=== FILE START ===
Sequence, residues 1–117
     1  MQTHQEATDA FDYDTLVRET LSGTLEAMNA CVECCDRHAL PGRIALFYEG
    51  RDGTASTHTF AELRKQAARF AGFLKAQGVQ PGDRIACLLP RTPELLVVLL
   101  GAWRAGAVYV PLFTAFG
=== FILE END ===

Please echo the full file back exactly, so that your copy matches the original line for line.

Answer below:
Sequence, residues 1–117
     1  MQTHQEATDA FDYDTLVRET LSGTLEAMNA CVECCDRHAL PGRIALFYEG
    51  RDGTASTHTF AELRKQAARF AGFLKAQGVQ PGDRIACLLP RTPELLVVLL
   101  GAWRAGAVYV PLFTAFG